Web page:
I also covered the louvered windows on the travel trailer with plastic and held in place with duct tape. I could do only the side where the door is. Later when it got warmer and Buster’s smaller relative decided to move I could do the other side. A rattle snake was all curled up and did not move his head or rattle when I came near it.
I think we will adopt the snakes as pets. Doris’s pet is at home. We are wondering how Mr. Big is doing and how he is getting along with the house sitter.
At 1:00 PM we went to Callao and picked up Doris’s sister Barbara.
We had prepared the meal and only had to cook it when we came back from Callao. Doris had been beating the heck out of the pork chops and breaded them while I was peeling the potatoes. Doris told me to use ten potatoes. Barbara had asked for mashed potatoes and gravy. I thought ten potatoes were too many.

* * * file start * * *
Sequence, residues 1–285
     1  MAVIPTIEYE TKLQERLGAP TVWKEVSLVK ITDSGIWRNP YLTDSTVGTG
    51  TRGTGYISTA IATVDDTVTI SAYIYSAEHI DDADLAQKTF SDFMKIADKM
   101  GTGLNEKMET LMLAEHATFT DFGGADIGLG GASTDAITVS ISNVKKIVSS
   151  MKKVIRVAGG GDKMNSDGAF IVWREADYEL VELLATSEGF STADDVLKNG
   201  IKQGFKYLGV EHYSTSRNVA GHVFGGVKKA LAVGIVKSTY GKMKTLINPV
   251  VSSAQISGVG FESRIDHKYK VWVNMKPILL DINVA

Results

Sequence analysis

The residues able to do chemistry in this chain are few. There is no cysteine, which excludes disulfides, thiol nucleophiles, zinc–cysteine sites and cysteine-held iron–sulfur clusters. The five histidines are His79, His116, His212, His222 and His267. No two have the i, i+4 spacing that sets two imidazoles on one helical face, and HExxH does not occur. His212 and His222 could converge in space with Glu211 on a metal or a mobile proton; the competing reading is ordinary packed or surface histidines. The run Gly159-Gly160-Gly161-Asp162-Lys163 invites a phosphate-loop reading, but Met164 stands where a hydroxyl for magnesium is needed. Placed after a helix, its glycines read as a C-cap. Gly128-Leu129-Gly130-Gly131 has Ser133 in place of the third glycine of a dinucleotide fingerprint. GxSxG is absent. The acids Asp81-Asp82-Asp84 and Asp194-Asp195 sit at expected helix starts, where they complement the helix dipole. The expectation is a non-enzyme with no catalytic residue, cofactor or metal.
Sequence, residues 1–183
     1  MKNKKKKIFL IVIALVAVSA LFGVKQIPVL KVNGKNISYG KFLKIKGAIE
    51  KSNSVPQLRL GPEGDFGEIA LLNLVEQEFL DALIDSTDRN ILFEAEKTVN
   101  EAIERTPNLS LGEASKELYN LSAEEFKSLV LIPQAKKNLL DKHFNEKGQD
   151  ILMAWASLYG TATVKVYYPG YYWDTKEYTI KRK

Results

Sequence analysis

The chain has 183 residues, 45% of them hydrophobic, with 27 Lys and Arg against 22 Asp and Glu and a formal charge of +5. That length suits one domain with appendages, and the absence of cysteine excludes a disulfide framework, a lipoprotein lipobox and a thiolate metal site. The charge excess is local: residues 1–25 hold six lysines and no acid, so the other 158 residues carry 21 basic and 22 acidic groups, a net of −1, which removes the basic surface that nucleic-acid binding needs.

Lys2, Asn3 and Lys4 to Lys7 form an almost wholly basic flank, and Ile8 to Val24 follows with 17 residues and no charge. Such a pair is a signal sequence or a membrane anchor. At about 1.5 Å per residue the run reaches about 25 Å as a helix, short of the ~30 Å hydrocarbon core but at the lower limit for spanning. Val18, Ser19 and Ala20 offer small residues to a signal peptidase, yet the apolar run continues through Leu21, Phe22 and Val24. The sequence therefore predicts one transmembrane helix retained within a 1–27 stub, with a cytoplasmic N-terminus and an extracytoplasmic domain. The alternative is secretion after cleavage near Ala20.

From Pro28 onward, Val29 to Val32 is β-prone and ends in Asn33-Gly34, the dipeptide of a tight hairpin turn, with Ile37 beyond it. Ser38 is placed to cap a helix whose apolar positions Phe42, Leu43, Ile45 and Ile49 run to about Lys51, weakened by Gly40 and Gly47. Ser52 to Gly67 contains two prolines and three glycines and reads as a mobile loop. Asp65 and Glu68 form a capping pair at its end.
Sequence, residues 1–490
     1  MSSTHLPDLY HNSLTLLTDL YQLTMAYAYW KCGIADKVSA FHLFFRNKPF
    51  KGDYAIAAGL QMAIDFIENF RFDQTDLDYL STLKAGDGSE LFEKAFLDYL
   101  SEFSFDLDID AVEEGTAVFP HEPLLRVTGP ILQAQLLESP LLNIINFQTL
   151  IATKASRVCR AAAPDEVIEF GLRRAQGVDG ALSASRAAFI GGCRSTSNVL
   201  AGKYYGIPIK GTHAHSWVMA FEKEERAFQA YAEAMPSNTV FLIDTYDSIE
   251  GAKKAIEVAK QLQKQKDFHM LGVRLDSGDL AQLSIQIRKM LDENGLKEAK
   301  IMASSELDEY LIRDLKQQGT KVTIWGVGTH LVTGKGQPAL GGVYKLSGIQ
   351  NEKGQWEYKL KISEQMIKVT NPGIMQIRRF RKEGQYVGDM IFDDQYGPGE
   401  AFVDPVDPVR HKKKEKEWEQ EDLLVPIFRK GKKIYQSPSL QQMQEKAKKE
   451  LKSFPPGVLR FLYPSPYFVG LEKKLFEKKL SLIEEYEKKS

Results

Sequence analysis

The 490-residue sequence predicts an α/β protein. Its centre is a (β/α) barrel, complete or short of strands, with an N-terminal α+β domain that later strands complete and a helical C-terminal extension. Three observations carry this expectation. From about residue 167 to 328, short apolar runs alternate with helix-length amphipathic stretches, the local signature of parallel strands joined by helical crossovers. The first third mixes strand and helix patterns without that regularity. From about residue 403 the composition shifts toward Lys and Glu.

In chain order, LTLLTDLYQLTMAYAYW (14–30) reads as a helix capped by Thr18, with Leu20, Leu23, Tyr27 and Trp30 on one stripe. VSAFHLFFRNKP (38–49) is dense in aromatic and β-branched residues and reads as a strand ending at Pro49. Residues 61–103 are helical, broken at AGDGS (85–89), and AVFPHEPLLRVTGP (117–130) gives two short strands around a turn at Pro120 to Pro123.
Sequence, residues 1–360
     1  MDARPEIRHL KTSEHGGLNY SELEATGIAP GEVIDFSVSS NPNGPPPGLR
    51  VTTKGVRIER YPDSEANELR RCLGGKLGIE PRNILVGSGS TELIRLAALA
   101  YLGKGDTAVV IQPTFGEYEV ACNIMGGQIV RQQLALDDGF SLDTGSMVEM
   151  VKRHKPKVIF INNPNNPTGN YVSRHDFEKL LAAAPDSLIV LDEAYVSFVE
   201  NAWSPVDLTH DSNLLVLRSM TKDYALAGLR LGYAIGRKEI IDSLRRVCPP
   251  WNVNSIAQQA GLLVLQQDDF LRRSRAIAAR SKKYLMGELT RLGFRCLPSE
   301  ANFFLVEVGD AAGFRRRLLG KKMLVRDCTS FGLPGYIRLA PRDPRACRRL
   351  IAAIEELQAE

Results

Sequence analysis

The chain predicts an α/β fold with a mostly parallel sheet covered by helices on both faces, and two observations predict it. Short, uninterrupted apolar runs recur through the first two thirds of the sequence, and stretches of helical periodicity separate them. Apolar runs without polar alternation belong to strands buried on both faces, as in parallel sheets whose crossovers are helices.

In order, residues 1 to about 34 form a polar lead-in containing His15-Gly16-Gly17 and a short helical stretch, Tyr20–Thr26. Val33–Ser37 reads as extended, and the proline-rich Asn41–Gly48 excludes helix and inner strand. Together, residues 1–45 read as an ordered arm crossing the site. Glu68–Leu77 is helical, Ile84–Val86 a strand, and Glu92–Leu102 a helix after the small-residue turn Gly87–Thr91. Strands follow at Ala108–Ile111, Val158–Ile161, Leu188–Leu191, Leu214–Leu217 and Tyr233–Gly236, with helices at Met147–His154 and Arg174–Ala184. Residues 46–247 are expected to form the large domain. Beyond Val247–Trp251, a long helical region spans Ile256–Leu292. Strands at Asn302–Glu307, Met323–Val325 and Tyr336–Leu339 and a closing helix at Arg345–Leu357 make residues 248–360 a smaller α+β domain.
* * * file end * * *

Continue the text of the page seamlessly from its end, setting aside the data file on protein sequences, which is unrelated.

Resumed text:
When I saw Barbara loading up on potatoes I was glad I had ten potatoes. Barbara had brought a
After dessert we left for Ibapah, a ranching community on the other side of the Deep Creek Mountain Range.
We drove on the old Pony Express Dirt Road and came by Six Mile Ranch where John and his crew spend the night.
Driving through Overland Canyon was a very scenic experience. We were late though for the wild flowers. When we arrived in Ibapah the women decided to visit Udene, one of their second cousins. Udene has twelve siblings. This is common in this part of the country.
Udene moved out of the five bedroom ranch house into a smaller, modern home. One of her children operates the ranch now. They raise Black Angus cattle, and they have beautiful horses. The valley has very productive grazing areas.
On the way home we took a detour and drove through Gold Hill. Doris and Barbara had lived there when they were small children. The two had a good time reminiscing about the old time. I was sitting in the back enjoying the view.
When we came back to Callao Barbara wanted Doris to drive though town. About fifteen families live there now. The two were talking about who’s house that was and who lives there now. In small communities people know each other.